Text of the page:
The above will build sysbench with MySQL support by default. If you have MySQL headers and libraries in non-standard locations (and no mysql_config can be found in the PATH), you can specify them explicitly with --with-mysql-includes and --with-mysql-libs options to ./configure.

To compile sysbench without MySQL support, use --without-mysql. If no database drivers are available database-related scripts will not work, but other benchmarks will be functional.


General Syntax

The general command line syntax for sysbench is:

	  sysbench [options]... [testname] [command] 
  • testname is an optional name of a built-in test (e.g. fileio, memory, cpu, etc.), or a name of one of the bundled Lua scripts (e.g. oltp_read_only), or a path to a custom Lua script. If no test name is specified on the command line (and thus, there is no command too, as in that case it would be parsed as a testname), or the test name is a dash ("-"), then sysbench expects a Lua script to execute on its standard input.

  • command is an optional argument that will be passed by sysbench to the built-in test or script specified with testname. command defines the action that must be performed by the test. The list of available commands depends on a particular test. Some tests also implement their own custom commands.

    Below is a description of typical test commands and their purpose:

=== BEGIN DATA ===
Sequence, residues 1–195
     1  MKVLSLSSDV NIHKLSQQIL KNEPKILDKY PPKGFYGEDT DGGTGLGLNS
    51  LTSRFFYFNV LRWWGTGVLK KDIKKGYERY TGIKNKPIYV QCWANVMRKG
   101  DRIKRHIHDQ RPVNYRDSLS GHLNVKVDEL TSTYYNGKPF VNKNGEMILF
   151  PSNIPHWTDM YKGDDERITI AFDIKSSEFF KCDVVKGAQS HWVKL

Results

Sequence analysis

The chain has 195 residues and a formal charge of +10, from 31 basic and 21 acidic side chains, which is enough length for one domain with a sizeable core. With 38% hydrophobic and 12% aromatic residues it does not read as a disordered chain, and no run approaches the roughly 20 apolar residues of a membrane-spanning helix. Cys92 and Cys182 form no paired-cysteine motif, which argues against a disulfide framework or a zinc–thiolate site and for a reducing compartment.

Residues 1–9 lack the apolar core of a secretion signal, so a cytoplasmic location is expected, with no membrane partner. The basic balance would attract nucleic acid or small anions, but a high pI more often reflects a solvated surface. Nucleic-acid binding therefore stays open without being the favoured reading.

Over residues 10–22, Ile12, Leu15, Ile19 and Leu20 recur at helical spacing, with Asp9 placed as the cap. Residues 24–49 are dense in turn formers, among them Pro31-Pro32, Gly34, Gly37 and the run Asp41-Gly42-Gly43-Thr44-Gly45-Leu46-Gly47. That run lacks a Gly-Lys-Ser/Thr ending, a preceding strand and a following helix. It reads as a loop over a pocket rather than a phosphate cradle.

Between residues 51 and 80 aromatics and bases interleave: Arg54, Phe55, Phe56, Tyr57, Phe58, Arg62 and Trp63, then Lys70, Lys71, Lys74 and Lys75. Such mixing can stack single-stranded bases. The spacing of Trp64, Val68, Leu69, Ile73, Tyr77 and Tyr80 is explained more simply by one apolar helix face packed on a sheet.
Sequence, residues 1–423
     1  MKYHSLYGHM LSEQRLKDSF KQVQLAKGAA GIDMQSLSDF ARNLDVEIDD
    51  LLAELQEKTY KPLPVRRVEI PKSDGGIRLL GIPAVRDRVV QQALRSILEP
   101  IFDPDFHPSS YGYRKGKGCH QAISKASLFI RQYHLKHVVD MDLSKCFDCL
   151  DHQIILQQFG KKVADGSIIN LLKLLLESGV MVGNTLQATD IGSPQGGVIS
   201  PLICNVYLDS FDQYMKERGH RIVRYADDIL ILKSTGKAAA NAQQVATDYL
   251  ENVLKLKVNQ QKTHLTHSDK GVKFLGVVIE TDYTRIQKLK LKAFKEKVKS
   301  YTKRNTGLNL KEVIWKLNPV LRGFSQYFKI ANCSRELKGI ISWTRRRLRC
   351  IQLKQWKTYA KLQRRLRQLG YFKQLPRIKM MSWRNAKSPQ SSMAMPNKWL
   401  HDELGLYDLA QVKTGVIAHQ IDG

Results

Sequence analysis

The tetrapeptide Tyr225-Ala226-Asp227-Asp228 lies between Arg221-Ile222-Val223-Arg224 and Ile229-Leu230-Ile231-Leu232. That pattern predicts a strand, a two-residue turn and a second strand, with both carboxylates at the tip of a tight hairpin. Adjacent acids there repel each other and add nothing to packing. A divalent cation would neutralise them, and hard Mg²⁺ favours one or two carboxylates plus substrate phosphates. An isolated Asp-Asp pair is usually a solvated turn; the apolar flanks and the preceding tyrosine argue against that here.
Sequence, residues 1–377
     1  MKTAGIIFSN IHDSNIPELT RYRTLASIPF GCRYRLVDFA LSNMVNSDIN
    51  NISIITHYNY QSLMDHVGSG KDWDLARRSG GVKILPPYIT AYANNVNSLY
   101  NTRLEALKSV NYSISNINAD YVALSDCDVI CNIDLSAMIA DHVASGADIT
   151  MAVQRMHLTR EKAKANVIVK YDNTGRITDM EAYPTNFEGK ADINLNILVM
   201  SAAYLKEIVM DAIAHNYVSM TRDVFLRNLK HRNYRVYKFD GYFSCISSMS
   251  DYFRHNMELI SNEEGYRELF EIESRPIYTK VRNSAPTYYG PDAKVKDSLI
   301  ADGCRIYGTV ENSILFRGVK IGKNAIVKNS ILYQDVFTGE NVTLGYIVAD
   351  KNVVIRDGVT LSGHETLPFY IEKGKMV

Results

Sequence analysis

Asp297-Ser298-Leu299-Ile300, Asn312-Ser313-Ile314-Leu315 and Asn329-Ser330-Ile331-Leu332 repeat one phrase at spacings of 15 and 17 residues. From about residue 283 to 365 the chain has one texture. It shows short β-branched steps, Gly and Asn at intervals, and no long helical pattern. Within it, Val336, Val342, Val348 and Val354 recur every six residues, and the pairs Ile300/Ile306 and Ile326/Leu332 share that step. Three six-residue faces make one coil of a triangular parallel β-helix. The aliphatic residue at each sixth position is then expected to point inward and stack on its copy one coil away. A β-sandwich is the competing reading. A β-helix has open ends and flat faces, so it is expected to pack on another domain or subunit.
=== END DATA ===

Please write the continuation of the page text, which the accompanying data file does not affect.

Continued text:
• prepare: performs preparative actions for those tests which need them, e.g. creating the necessary files on disk for the fileio test, or filling the test database for database benchmarks.
    • run: runs the actual test specified with the testname argument. This command is provided by all tests.
    • cleanup: removes temporary data after the test run in those tests which create one.
    • help: displays usage information for the test specified with the testname argument. This includes the full list of commands provided by the test, so it should be used to get the available commands.
  • options is a list of zero or more command line options starting with '--'. As with commands, the sysbench testname help command should be used to describe available options provided by a particular test.